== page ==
Snapshots (of the top-12 talents) from the Class of ‘96
Pick No. 13
An ostentatious offensive force who has flawlessly worn both sidekick and superhero cape’s, Bryant’s vocation to date has three distinct stages: Ascension; Fall from Grace and Deliverance from Evil. The youngest All-Star starter at just 19, this self-proclaimed Black Mamba has since rolled off a long list of accolades; capped off by scoring the second most points in a regular-season game. Wunderkind turn world-class surgeon, the devastatingly gifted Bryant only recently patched up the great fan divide en route to claiming the highest selling jersey of the Naughties. Changing identities multiple times, this NIKE billboard has also been seen Puttin’ In Work for Spike Lee and besting everyone from basketball’s past—including Wilt Chamberlain, Bernard King and Jerry West—while dually dominating its present. A maligned extra-marital transgressor, this melodic master’s many desertions may have once shouted sinner but his on-court splendor now bellows saintly sounds—tunes heard perfectly as he redeemed Team USA (’08) and reinstated his beloved Los Angeles Lakers (‘09, ‘10).
Pick No. 1
Only MJ and Shaq (and arguably Kobe and LeBron, and all in that order) can claim to have left a wider, deeper and more permanent footprint on basketball’s coastline since Iverson left Georgetown University to tread on the NBA’s sandy shores. Although a young Tim Hardaway embarrassed all with his killer crossover, it was Iverson’s shake and bake that caused the establishment to amend its rules. A revelation who only moved at top-speed, Iverson wore his heart on his shooting sleeve, found self expression in a boxscore (as often as he did a tattoo), and introduced many of us to the braided / cornrow aesthetic. A lifetime endorser of Reebok, his most popular soundbites have since become replay folly but that doesn’t remove his Midas meets Mr. Freeze epoch, when everything he touched turned to solid bars of gold (before ending up as Jewelz). The lone Shinobi, by choice, who helped the Sixers to their only Finals appearance in the past 25 years, AI has been a disciplinary nightmare as often as he has been scoring champion. His bold attempts at being the diplomat saw him bashed by bigots but always resurrected by adoring fans; and although he has acquired hundreds of millions in salary (and endorsement deals) he has given so many of us something much more valuable in return. After Philadelphia, he collided with Carmelo Anthony in Denver; became a sideshow turned distraction whilst in Detroit (and later Memphis) and although his emotional homecoming showed him to be a false prophet, Philly is where he’ll remain forever young—thanks to his ‘01 MVP. An all-out survivor and true cultural titan, Iverson has earned his right to be labelled a bulletproof basketball messiah.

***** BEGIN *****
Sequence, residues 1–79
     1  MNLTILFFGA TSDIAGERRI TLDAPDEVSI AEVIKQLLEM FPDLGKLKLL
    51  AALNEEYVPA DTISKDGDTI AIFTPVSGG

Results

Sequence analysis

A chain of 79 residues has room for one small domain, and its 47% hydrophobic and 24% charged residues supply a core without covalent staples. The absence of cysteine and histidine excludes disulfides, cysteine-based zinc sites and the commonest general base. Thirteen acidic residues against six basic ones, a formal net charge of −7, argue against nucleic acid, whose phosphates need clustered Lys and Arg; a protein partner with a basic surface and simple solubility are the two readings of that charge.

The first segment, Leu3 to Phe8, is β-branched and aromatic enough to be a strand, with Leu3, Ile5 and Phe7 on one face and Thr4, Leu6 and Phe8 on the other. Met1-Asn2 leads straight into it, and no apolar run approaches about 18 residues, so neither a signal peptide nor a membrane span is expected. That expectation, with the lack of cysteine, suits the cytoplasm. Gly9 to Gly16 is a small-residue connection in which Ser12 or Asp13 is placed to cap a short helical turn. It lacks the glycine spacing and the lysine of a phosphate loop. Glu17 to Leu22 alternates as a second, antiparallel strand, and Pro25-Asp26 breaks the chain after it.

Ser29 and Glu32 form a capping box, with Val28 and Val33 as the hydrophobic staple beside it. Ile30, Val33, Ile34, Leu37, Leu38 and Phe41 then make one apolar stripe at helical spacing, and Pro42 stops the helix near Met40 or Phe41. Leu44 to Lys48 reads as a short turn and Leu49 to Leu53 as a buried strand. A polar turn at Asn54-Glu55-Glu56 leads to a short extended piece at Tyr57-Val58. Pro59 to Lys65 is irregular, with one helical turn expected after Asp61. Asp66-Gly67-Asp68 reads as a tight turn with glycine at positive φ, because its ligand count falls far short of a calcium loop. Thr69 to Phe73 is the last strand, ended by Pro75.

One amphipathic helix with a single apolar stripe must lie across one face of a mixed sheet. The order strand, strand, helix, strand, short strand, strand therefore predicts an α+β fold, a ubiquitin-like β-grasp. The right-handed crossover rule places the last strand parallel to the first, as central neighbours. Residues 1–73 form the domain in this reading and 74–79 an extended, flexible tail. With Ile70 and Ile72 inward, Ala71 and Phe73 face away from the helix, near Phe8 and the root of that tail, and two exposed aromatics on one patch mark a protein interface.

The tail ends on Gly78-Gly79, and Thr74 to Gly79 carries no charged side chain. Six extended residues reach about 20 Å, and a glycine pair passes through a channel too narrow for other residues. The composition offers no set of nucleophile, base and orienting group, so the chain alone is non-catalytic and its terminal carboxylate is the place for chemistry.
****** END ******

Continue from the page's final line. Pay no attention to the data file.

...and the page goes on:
Pick No. 15
He has walked in Kurt Rambis’ NCAA footsteps, learned the realities of NBA life from Kevin Johnson, Sam Cassell and Jason Kidd, and turned a deplorable 29-win Suns outfit into a 62-win powerhouse (after Mavericks owner Mark Cuban failed to meet the market’s asking price). Helping seven different players register career-highs in seven seconds or less, Nash was declared the Association’s Most Valuable Player, an honor he would repeat, joining both Magic and Michael as the only members in the back-to-back MVP guard club. President of the extra curricular ‘50-40-90’ honor roll, Nash is also the laboratory splicing of Pistol Pete Maravich and John Stockton, sprinkled with a little of Mark Price’s genes. Criticized for his matador D, Nash’s razor sharp, narcissistic playmaking has always meant the glass is half full. Charismatic, eco-friendly and socially conscience, this active and positive role model has remained elite well beyond his expected expiration date. He has entertained, enthralled and educated a generation; received the Order of Canada; and has seen his status rise from global icon into everlasting sporting legend. No wonder Time Magazine declared this nationally responsible treasure one of the 100 most influential people (‘06).